WIKIPEDIA: Victoria (Alexandrina Victoria; 24 May 1819 – 22 January 1901) was Queen of the United Kingdom of Great Britain and Ireland from 20 June 1837 until her death. From 1 May 1876, she adopted the additional title of Empress of India. Victoria was the daughter of Prince Edward, Duke of Kent and Strathearn, the fourth son of George III of the United Kingdom. Both the Duke of Kent and King George III died in 1820, and Victoria was raised under close supervision by her German-born mother, Princess Victoria of Saxe-Coburg-Saalfeld. She inherited the throne at the age of 18, after her father's three elder brothers had all died, leaving no surviving legitimate children. The United Kingdom was already an established constitutional monarchy, in which the sovereign held relatively little direct political power. Privately, Victoria attempted to influence government policy and ministerial appointments; publicly, she became a national icon who was identified with strict standards of personal morality. Victoria married her first cousin, Prince Albert of Saxe-Coburg and Gotha, in 1840. Their nine children married into royal and noble families across the continent, tying them together and earning her the sobriquet "the grandmother of Europe". After Albert's death in 1861, Victoria plunged into deep mourning and avoided public appearances. As a result of her seclusion, republicanism temporarily gained strength, but in the latter half of her reign her popularity recovered. Her Golden and Diamond Jubilees were times of public celebration. Her reign of 63 years and seven months is known as the Victorian era and was longer than that of any of her predecessors. It was a period of industrial, cultural, political, scientific, and military change within the United Kingdom, and was marked by a great expansion of the British Empire. She was the last British monarch of the House of Hanover. Her son and successor, Edward VII, inaugurated the House of Saxe-Coburg and Gotha, the line of his father.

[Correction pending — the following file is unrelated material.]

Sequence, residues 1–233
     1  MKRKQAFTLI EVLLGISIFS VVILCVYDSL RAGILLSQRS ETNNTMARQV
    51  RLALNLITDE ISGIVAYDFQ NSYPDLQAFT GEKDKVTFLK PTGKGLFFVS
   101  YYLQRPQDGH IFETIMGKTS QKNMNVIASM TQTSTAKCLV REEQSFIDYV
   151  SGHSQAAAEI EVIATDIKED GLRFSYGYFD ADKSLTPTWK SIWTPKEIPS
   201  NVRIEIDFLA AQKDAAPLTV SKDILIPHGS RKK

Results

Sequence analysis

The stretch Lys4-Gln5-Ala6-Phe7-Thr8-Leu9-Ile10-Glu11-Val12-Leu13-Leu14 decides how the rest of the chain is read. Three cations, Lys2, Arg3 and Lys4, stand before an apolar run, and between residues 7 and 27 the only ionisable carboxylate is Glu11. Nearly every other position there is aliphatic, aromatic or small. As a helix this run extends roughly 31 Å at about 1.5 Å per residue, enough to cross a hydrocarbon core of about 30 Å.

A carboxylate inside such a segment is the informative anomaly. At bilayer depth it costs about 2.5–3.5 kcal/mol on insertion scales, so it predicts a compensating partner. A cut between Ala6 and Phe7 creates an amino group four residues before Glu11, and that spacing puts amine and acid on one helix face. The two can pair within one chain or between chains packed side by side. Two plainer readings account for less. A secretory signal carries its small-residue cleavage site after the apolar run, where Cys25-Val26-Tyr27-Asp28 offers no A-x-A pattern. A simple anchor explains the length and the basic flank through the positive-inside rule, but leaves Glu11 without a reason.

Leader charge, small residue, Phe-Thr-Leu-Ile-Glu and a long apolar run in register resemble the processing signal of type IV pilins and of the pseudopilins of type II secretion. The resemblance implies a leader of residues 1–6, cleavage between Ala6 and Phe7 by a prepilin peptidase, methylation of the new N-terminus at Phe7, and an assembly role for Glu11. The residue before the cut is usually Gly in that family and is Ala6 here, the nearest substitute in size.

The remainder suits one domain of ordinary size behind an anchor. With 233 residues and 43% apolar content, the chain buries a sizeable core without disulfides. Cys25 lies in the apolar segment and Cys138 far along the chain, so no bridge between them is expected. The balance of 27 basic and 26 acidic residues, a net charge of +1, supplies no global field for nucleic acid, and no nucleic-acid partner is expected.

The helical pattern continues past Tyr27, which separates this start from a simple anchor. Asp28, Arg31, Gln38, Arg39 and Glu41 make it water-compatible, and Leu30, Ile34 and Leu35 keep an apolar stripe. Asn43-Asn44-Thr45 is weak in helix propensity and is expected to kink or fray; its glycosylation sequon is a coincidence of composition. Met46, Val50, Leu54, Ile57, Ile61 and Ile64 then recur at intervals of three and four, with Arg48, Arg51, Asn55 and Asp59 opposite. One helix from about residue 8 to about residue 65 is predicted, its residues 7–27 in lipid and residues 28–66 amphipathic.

Life in Victorian England,
CreateSpace Independent Publishing Platform (December 31, 2016),
We are very fortunate to have a new biography of Victoria just in time for our class. Julia Baird has written a masterpiece of a biography about this fascinating and complicated woman. I can tell you that you will love it. The author discovered the real Victoria as opposed to the cartoon character. It is a great book but also a great read. Once you start, you will never want to put it down. The family, the mother, the husband (Oh my god! What a husband!) the tyrants trying to order her around. It is all here and all I can say is: watch out for the next book by Julia Baird.
“Victoria the Queen, Julia Baird’s exquisitely wrought and meticulously researched biography, brushes the dusty myth off this extraordinary monarch. Right out of the gate, the book thrums with authority as Baird builds her portrayal of Victoria. Overturning stereotypes, she rips this queen down to the studs and creates her anew. . . . Baird’s Victoria isn’t the woman we expect to meet. Her queen is a pure iconoclast: emotional, demonstrative, sexual and driven. . . . Baird writes in the round. She constructs a dynamic historical figure, then spins out a spherical world of elegant reference, anchoring the narrative in specific detail and pinning down complex swaths of history that, in less capable hands, would simply blow away.”—The New York Times Book Review
“In this in-depth look at a feminist before her time, you’ll balk at, cheer on, and mourn the obstacles in the life of the teen queen who grew into her throne.”—Marie Claire
Victoria: The Queen: An Intimate Biography of the Woman Who Ruled an Empire,
Random House; 1st Edition edition (November 22, 2016),